Tuesday, July 21, 2009

Self-Diagnosis

It is not so very bad going to the hospital every day, and in fact, I'm starting to see the upside. For instance, last night they brought Alan a tray of food that he wouldn't touch, and so I got to eat the small bowl of fruit cocktail presented next to the boiled chicken playing dead in a yellow green sauce with peas. I could understand how the chicken in the confusing puddle of sauce might look unappetizing, but come on, how can you say no to grapes, pineapples, pears and apples in a delightful light syrup?

Aside from piquing my culinary interests, we also get to catch up on all the episodes of Cops that have ever been filmed. It seems to be Alan's neighbor's favorite show, one that reminds me not to speed in the cars I've recently stolen. And that if I ever do get caught, that I should always say that I was just borrowing the car from my girl Nessa. That always seems to throw them off the trail for a bit (Who is this girl Nessa? they will think), long enough at least for me to plan out my next move, which will involve distracting the cops from searching my stolen car. The move will have to be a good one to ensure that they do not search under the front seat where I've cleverly stowed my Ziploc baggie full of questionable substances.

We like to harness our pumping adrenaline post Cops and find it does us well to go on long walks together, long walks down long corridors I would not otherwise find myself walking down. One evening we walked down a new unexplored corridor and found the walls plastered with large, laminated case studies with titles such as "Pauci-Immune Glomerulonephritis," "Forgotten Etiology of Acute Hepatitis" (this one almost conjured up a cute image of a stuffed bunny forgotten at home as its owner and his family packed up and left for vacation), and "Wheat-Dependent Exercise-Induced Anaphylaxis." There was one that was of extreme interest to me as it involved a Cambodian woman, but even the title was lost on me: "Co-existence of multiple myeloma and amyloidosis with acquired factor X deficiency presenting as GI Bleed."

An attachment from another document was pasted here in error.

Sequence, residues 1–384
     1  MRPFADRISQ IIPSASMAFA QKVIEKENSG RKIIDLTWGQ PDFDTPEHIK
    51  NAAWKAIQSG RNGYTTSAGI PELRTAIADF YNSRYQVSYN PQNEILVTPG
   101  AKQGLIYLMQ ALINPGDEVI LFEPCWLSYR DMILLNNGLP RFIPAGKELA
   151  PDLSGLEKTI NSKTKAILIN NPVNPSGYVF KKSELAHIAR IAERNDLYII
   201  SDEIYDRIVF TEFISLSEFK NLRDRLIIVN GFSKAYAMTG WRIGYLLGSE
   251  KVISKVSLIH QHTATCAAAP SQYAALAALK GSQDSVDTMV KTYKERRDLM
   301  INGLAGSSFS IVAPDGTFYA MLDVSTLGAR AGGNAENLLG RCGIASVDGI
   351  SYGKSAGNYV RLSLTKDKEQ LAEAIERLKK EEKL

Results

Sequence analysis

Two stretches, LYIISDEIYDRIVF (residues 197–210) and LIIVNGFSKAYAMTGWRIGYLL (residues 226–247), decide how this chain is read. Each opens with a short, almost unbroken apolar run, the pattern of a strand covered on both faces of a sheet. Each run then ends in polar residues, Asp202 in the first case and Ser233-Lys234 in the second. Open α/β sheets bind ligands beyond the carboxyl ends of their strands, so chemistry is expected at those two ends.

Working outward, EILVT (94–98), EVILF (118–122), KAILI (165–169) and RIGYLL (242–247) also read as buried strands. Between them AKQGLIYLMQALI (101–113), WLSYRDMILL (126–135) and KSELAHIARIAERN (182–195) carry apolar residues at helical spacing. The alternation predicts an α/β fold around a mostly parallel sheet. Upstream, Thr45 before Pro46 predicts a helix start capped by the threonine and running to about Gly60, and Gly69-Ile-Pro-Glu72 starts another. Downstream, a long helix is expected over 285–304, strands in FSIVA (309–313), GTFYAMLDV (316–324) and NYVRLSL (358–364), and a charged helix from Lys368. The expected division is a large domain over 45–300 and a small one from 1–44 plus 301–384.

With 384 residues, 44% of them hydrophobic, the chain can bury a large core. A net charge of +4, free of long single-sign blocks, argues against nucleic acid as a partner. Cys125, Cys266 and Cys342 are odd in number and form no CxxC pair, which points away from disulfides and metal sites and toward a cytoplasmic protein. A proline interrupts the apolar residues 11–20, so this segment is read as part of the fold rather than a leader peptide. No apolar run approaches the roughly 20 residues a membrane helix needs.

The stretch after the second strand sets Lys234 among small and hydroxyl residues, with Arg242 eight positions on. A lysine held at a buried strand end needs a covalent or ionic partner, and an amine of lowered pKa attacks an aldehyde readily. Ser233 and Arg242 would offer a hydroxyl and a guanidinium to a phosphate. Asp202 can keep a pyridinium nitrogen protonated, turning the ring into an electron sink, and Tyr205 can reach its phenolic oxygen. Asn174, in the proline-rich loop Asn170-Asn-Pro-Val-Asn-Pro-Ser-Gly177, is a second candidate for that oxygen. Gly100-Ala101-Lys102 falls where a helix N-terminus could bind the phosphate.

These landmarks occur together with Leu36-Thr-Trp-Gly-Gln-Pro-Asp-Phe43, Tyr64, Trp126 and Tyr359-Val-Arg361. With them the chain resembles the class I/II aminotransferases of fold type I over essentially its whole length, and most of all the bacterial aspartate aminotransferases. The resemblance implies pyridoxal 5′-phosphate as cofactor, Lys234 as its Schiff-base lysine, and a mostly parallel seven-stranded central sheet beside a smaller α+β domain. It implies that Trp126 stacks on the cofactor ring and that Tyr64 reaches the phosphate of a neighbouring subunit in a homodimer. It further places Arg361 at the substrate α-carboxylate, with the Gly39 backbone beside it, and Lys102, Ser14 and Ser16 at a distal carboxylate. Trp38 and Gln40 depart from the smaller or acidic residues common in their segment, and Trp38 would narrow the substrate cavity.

Now we'll often walk this way, and I'll take a moment or two to stop and gawk at the pictures on the "Forgotten Etiology" poster. I will spare you the details, but suffice it to say there is no picture of a bunny anywhere on it.

Those case study posters must have inspired him, because a few days ago Alan showed me a medical article he found via an internet search he did looking for anything/anyone experiencing something similar to him. The doctors had called his case an enigma on Saturday and on Monday he tried telling them about his new theory. His new theory being that he is suffering from opiate withdrawl syndrome mimicking postoperative intestinal obstruction, which was a fine theory except that no one listened until today.

Today I went to visit him on my lunch and found him in bed, his eyes rolling around, not really looking at me. He was looking in sheer amusement at the TV in the side of his bed (there wasn't one). He kept wanting to get out of bed to go check out what movies were on the coffee table (there weren't any) and kept wondering where Jon was (he wasn't there.) The doctors came in and asked me if I thought he was okay. It was one of those questions where you sort of repeat it back to whoever's asking you, just to make sure you're hearing things right.